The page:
141 Tasting Notes
I bought this tisane for my wife but I thought I’d do some quality control before I gave it to her.
As the name indicates, this is full of the best the islands have to offer- ripe, juicy tropical fruits and fragrant, exotic blossoms.
I can’t sufficiently describe the appearance of this so I have to let a picture be my 1000 words. This is simply a work of art. http://twitpic.com/29b5mc
The fragrance is incredible. You’re first hit with lemon and banana then the rest of the tropicals (pineapple and papaya) work their way up. At the bottom, you can just make out the hibiscus, chamomile and rose. Towards the end of the cup, I thought of bubble gum.
Initially, the lemongrass seemed to overpower everything else in flavor. Let the cup cool a bit before you dive in (and you may literally want to dive into this cup) and all the fruit flavors start to mingle together. You’ll picture yourself in one of the small Hawaiian roadside markets sampling the produce while surrounded by native blossoms.
This is another winner from Souvia. I know my wife is going to love this- almost as much as she loves the massage by the same name.
You definitely get your money’s worth out of this tea as it holds up to multiple infusions.
In the tin, the tea has a strong melon (honeydew and cantaloupe) fragrance. The leaves are tightly rolled and are gravel-like in appearance and they have a very bright green color.
After the first infusion, the tea had not completely unfurled. In taste and smell, the fruit characteristics of the tea hold up. There was, however, a very slight astringency, almost like vinegar, in the first few sips. This diminished over time. The tea leaves a lingering sweetness like a light, floral honey.
On the second pass, the tea had completely unfurled. This resulted in leavings of mainly partial leaves and approximately 25-30% stem material. It’s possible that this was the cause of the very subtle initial bitter spike.
As the number of infusions increased, the fruit profile began to wane. You do reach a point where that bitterness returns and the cups are no longer enjoyable. This was somewhere between the fifth and sixth for me.
I’m in another Russian Lit phase. (I’m currently reading Turgenev.) In keeping with the theme, I wanted to pick up a really good Russian Caravan. Usually I drink Lapsang with my Russian tomes (War and Peace required over 100 grams) but I don’t need to feel like I’m in front of a campfire when it’s 110 degrees outside.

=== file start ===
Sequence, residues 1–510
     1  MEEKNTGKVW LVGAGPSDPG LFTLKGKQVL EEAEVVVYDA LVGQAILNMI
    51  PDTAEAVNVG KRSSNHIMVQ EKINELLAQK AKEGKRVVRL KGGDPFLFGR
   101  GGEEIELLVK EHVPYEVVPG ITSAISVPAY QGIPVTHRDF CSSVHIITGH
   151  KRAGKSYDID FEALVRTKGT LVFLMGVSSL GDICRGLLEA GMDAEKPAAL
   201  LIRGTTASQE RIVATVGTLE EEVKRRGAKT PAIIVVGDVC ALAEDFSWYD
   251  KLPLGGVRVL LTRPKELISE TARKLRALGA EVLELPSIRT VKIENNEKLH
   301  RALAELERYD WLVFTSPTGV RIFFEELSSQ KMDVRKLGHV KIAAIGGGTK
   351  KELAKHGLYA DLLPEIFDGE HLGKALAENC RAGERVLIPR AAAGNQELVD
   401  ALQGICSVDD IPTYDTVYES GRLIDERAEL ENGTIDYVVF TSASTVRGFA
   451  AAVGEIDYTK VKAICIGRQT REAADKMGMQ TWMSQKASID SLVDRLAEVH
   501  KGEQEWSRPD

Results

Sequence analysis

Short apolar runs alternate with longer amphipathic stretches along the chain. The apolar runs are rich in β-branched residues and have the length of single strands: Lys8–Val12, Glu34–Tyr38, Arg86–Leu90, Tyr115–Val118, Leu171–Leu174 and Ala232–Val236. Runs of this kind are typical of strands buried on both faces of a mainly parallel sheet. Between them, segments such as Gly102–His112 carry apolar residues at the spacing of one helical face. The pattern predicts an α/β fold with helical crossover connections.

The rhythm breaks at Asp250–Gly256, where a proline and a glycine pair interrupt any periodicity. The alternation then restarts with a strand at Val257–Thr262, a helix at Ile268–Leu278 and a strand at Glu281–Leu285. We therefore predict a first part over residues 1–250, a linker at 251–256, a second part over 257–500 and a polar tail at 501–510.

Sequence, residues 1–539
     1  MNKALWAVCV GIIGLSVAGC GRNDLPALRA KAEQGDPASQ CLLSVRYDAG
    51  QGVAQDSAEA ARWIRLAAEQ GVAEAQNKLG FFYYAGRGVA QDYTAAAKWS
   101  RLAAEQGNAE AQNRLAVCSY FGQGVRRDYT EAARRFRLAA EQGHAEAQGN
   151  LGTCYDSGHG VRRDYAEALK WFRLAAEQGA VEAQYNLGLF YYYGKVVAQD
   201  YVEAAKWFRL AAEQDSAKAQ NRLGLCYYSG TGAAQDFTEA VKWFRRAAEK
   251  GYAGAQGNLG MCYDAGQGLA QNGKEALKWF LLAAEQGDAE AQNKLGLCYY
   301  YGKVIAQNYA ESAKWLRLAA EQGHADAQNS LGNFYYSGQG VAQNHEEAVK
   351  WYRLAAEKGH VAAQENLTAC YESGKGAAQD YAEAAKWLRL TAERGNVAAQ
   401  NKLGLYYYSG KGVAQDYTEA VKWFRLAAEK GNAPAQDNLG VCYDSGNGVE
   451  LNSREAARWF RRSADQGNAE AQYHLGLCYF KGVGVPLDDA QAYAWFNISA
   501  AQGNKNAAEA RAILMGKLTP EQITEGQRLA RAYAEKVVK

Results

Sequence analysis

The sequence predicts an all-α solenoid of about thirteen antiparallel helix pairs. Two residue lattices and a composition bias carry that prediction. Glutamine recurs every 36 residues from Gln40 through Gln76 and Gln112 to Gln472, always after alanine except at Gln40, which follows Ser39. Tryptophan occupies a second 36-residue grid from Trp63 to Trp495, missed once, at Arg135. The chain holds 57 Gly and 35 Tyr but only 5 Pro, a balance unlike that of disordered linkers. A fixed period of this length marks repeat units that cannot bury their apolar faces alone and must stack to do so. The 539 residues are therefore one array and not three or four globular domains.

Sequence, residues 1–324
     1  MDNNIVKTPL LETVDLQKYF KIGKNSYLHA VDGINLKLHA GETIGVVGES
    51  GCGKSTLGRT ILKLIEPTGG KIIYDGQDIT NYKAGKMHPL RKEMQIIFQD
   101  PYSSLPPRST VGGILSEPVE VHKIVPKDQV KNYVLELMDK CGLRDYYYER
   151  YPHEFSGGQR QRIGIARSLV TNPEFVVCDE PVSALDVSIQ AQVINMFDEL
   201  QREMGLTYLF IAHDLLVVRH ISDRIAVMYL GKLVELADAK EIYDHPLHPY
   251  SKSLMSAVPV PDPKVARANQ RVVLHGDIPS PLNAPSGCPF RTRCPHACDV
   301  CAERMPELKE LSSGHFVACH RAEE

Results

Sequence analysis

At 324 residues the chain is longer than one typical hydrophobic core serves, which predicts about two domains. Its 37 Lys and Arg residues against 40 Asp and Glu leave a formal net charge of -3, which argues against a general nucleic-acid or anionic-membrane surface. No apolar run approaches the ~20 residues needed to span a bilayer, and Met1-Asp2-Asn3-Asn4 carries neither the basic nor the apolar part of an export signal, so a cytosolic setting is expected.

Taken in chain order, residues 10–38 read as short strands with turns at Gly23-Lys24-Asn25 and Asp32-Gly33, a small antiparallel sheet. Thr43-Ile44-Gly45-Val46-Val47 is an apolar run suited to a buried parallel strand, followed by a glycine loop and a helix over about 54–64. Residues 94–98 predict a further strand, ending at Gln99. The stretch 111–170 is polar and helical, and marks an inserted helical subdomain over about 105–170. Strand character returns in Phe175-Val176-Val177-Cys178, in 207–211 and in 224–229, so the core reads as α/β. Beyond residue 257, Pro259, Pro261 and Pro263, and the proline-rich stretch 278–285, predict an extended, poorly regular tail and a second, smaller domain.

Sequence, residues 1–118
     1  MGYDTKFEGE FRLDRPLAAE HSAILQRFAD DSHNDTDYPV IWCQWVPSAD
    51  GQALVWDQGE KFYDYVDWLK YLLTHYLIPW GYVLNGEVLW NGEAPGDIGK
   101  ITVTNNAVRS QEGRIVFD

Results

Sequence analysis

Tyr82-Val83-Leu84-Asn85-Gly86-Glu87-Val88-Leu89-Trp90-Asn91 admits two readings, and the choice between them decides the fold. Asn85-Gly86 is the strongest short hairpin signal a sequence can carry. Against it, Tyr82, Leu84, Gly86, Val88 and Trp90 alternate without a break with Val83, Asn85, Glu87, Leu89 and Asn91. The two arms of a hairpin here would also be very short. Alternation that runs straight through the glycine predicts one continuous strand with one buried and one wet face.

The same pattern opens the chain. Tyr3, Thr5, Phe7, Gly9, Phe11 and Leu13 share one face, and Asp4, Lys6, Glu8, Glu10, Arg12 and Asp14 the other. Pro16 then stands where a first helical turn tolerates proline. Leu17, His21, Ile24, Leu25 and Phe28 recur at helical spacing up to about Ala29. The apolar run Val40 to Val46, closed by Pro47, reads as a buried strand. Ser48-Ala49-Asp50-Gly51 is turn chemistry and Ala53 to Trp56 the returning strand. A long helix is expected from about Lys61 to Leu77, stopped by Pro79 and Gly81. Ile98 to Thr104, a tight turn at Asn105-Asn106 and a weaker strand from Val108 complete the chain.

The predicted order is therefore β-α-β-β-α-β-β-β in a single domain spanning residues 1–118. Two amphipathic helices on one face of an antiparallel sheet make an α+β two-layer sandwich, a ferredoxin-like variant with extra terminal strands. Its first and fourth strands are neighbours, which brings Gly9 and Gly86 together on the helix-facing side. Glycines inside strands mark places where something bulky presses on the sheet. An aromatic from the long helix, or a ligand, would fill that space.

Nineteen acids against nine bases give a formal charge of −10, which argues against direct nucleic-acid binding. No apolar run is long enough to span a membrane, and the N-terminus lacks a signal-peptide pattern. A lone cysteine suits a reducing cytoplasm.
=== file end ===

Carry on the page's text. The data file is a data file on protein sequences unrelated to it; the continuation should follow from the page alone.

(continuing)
Russian Caravan should be a mix of Oolong, Keemun and Lapsang Souchong. When I first opened this bag, it was so smoke laden that I thought they had mispackaged their Lapsang into this bag. Once brewed, however, it mellowed and the plumy and vegetative qualities took precedence and there was just a faint smoke finish to the tea. There was also a lingering sweet aftertaste.
This is by far the best RC I’ve had. It was balanced, flavorful and had no bitterness. The tannins were virtually nonexistent. If Lapsang is a bit too strong for you and Keemun is too simple, this might be a good compromise.
I have to admit that I only had a small sample of this tea, but it was so good I wanted to make sure I at least recorded my initial impression.
Pear is one of those delicate flavors that’s really difficult to get into a tea without resorting to artificial flavors. This green tea does an excellent job of highlighting the flavor.
The tea itself is (for lack of a more masculine way to describe it) pretty. It’s a vibrant green with flecks of yellow and gold and contains small nuggets that look like gemstones. These are the candied pear bits.
Prepared, this is a smooth green but maintains some of its pleasant grassiness. You can taste the pear and it’s a clean, crisp version. It’s not artificial or overly pronounced.
When I first read the description of this tisane, I thought ICED!
I went to Souvia and the two very friendly and helpful ladies working there were patient enough to brew up a batch and ice it down for me to try before I purchased a bag. It was everything I expected and more.
This tisane was visually appealing. It was vibrant, full of color and had readily recognizable ingredients. The fragrance is of a chai with faint hints of lemon and an underlying mellowness most likely from the apple and chicory.
This is such a complex mixture that it will probably taste a little different every time I make a cup. In the iced preparation, the spices pop to the top and are really refreshing. The apple and chamomile cool down and take the edge off the “hotter” components. The cardamom provides a bit of mouth-tingle and makes you feel clean and fresh. The tea finishes off on subtle notes of lemongrass and berry.
What is truly remarkable is that if you concentrate, you can mentally pick this apart into the most subtle notes of black pepper and even the rose hip. This blend obviously had a lot of time put into its design and it shows the craftsmanship behind its maker.